Have you found your child playing with matches or lighters? Curiosity about fire can be a natural, but perilous thing. Children and young adults misusing or playing with fire can have dangerous or even deadly results. Don't be afraid to ask for help.
Fairfield Fire Department's Juvenile Firesetters Intervention Program may be able to help with this potentially dangerous behavior. The service is free, and all information is kept strictly confidential. The program educates children and parents to stop firesetting behavior from continuing.
Juveniles from 5 to 17 can be referred to the program from any of our partner agencies or by concerned parents. Participation is voluntary except for those referred by the Juvenile Court authorities. Trained fire personnel conduct interviews to determine potential causes of the curiosity and if further help is needed. If the behavior is found to be suggestive of more serious problems, referral to specialized social services or mental health agencies will be recommended. For others, the program educates them in fire safety through the performance of various educational studies. Parents assist the child and keep track of his/her progress. It is the intention of this program to teach the child the dangers of fire and ways of making his/her family fire safe.
The program normally takes three to six weeks to complete. Scheduling will be handled on an individual basis, but normally every 6 days until complete.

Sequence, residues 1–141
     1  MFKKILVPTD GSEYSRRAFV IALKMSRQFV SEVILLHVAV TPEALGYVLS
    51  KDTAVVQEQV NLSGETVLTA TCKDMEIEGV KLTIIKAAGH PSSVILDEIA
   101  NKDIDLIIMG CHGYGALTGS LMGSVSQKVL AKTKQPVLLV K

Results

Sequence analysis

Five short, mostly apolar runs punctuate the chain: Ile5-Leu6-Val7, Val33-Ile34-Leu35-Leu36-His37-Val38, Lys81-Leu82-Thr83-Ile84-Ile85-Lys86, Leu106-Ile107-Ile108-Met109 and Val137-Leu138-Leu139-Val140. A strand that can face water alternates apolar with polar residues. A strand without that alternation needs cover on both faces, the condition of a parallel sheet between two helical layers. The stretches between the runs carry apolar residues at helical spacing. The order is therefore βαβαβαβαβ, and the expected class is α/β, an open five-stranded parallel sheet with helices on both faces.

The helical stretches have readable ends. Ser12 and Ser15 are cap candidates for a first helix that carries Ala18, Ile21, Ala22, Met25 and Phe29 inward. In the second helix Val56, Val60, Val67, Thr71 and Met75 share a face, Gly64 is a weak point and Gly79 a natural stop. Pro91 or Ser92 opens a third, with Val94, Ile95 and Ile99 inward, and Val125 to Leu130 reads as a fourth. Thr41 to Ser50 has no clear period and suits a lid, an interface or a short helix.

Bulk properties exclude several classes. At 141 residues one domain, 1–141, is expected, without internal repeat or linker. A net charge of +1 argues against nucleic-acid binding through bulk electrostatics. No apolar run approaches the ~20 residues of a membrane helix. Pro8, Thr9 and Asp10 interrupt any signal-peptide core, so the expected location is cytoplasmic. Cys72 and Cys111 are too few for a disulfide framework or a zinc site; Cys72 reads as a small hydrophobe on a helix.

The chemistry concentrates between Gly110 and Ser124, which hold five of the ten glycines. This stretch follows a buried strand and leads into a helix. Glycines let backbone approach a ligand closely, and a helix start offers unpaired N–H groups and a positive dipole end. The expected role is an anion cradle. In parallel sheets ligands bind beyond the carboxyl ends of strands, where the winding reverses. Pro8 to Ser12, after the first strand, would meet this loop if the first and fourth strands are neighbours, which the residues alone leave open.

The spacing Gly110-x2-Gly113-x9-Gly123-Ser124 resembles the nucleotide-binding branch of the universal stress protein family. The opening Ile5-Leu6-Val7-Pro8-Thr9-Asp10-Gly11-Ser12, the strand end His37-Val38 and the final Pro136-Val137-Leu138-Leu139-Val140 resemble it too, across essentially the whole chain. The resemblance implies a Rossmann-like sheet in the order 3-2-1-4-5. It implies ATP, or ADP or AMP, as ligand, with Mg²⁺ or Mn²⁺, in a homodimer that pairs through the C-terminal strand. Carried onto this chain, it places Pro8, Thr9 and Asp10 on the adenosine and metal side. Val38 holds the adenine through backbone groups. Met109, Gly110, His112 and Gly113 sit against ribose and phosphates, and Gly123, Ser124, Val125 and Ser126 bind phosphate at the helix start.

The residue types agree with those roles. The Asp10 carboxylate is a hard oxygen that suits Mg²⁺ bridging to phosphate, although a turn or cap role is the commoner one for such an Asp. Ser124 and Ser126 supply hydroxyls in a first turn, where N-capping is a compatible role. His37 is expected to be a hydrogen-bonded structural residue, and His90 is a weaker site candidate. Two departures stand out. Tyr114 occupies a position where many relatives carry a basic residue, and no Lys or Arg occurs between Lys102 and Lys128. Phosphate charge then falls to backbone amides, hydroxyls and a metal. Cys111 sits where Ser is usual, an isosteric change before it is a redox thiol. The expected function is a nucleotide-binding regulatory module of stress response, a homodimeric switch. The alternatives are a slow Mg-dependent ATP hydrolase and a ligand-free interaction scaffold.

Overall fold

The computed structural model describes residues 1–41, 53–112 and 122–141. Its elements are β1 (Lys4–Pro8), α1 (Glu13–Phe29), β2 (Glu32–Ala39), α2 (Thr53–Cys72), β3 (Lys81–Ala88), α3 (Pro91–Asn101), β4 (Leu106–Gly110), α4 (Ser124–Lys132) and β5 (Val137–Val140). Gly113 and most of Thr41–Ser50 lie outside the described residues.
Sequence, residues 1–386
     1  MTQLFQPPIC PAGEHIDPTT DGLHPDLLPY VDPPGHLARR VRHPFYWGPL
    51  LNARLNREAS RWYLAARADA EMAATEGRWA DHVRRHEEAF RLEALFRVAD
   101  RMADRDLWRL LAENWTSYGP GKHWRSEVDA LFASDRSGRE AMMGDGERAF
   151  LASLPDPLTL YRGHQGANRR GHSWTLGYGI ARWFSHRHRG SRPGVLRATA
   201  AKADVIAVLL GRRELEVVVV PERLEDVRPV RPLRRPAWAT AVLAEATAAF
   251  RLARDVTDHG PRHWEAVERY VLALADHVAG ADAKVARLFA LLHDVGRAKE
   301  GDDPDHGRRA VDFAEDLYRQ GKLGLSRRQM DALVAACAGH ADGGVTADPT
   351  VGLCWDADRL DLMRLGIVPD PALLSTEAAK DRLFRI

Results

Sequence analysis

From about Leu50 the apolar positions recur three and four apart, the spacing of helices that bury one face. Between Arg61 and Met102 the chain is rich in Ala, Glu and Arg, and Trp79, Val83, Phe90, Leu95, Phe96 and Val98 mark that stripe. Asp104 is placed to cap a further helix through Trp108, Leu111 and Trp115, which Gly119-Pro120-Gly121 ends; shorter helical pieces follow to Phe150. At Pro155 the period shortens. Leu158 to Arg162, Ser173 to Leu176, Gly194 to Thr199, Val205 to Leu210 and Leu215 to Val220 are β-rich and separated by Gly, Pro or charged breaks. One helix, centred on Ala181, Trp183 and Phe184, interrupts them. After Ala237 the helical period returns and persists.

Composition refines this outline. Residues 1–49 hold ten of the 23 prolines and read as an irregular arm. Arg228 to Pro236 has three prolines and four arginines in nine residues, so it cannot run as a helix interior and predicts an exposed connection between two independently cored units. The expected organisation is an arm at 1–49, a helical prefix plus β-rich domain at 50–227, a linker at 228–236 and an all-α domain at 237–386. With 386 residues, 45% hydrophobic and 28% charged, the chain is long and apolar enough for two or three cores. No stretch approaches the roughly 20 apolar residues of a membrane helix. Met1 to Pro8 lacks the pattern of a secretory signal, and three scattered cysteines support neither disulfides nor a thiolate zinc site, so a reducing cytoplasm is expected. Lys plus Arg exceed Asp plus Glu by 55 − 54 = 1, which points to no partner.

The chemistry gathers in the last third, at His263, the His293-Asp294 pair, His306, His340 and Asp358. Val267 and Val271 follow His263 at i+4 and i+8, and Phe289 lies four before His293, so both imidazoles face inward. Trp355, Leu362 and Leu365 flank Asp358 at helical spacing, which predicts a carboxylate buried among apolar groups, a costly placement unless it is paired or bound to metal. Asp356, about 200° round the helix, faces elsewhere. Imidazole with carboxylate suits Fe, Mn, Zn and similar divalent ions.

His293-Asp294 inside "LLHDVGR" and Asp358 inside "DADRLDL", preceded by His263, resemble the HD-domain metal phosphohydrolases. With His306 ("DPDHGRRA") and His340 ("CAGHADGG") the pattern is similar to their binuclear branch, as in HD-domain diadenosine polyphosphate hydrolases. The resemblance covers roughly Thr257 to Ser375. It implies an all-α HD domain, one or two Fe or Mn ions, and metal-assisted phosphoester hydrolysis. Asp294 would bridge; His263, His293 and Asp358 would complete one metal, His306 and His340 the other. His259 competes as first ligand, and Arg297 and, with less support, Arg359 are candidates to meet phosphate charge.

To enroll in the Juvenile Fire Setter program contact the Fire and Life Safety Educator for the City of Fairfield Fire Department. We will be able to answer questions and see if the program is the best answer for you and your child. Email email@example.com for more information
These five steps can help prevent firesetting:
Firesetting: Facts or Myths?
Myth: "It's normal for children to play with fire."
Fact: While curiosity about fire is common, fire play or setting is not, and it can be deadly.
Myth: "It's a phase that he will grow out of."
Fact: It is not a phase and you must deal with it immediately or it may continue.
Myth: "If you burn their hand, they will stop."
Fact: If you burn your child, they will be scarred, that's all. You must address the real reason for the fire before the child will stop.
Myth: "If the fires are small, it is no big deal."
Fact: All fires and fire play start out as small fires. Anytime a child sets a fire, they are endangering themselves and those around them. That's a big deal.
Myth: "Firesetting is pyromania."
Fact: Pyromania is a disorder. Firesetting is not. It is a behavior that can have many causes and can be stopped.